Let $A$ be the class of all ordinals within a model of ZFC.

Let $B$ be the class of all $t(\alpha)$ as defined in my theory where $\alpha \in Ord$ and $a,b,c,\dots \in t(\alpha) \implies a,b,c,\dots \in Ord$.

Let an element $\alpha$ of $A$ be considered "in" an element $\beta$ of $B$ if a well ordering of all elements $x,y,z,\dots$ of $\alpha$ appears somewhere within the sequence $(a,b,c,\dots) = \beta$.

Let $f$ be a function from $A$ onto $B$.

Define the element $\kappa$ of $B$ that is the sequence of all elements $\alpha \in A$ such that they are not elements of $f(\alpha)$.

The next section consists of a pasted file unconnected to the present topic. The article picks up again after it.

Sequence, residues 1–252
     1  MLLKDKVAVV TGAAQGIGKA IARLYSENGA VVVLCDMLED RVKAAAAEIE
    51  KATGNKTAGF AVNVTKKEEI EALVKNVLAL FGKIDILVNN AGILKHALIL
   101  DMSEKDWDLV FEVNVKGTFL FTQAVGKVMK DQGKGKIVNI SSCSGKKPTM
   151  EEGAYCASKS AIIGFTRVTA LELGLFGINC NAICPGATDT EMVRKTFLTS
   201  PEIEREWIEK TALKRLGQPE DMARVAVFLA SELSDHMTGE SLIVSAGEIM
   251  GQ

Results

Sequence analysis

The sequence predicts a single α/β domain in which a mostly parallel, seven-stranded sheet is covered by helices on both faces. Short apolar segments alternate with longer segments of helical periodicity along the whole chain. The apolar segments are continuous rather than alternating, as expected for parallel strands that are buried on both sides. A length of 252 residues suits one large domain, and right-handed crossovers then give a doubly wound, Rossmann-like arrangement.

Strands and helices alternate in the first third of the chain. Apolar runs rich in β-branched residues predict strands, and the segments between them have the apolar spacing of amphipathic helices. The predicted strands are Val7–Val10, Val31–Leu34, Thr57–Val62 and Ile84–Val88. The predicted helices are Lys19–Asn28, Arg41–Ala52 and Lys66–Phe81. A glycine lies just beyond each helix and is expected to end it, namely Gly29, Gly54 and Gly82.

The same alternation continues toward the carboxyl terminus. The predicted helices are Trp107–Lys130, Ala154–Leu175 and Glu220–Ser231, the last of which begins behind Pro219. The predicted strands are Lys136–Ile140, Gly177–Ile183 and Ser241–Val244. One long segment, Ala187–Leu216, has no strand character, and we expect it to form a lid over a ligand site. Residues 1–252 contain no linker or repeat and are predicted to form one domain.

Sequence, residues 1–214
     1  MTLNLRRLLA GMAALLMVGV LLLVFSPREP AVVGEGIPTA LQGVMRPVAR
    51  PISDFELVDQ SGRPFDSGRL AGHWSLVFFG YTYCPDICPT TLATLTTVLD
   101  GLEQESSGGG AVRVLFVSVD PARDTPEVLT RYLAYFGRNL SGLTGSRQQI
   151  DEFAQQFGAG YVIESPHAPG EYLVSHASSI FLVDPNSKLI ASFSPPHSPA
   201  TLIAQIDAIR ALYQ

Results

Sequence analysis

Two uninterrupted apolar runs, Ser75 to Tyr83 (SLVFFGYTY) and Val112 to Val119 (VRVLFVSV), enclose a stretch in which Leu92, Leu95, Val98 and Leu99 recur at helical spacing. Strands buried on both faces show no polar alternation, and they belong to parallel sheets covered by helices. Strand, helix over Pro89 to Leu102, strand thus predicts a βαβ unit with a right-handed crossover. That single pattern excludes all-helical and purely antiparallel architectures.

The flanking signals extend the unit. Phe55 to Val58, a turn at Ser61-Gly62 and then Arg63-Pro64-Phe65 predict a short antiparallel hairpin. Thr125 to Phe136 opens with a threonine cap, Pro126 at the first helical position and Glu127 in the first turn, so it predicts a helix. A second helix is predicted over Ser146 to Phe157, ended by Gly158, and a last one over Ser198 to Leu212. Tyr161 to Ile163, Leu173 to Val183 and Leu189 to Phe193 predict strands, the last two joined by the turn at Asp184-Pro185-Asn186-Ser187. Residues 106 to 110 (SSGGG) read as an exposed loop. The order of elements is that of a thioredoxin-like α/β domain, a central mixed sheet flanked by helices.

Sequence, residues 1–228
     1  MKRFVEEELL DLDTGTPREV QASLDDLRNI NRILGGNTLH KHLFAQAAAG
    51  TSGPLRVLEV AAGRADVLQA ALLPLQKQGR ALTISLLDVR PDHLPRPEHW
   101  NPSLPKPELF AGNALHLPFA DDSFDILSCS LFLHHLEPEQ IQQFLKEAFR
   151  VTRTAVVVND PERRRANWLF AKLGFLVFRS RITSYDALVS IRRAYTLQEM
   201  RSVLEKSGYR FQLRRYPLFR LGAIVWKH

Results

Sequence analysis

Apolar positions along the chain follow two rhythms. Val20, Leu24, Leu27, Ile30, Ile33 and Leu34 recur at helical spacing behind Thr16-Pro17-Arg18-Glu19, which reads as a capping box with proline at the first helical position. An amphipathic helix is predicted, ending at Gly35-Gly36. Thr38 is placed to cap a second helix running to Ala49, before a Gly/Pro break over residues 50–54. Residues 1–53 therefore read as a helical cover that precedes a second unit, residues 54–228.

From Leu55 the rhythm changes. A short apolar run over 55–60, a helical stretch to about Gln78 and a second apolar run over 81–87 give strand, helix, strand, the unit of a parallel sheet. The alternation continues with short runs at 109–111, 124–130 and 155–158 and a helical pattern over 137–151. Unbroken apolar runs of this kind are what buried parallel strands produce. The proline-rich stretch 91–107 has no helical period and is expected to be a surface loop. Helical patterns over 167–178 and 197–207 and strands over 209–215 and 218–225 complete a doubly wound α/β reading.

Let $c$ be such that $c \in A$ and $f(c) = \kappa$.

$c \in \kappa \implies c \not\in f(c) = \kappa$

$c \not\in \kappa \implies c \in f(c) = \kappa$

There cannot exist a $c$ where $f(c) = \kappa$ implies the class B is strictly 'larger' than the class A.

That said, GÃ¶del and Cohen working in ZFC may not be comparable to what I'm doing here. Also, I'm not sure if anyone has ever proved the size of one proper class to be larger than the size of another, but perhaps I just did... I never know.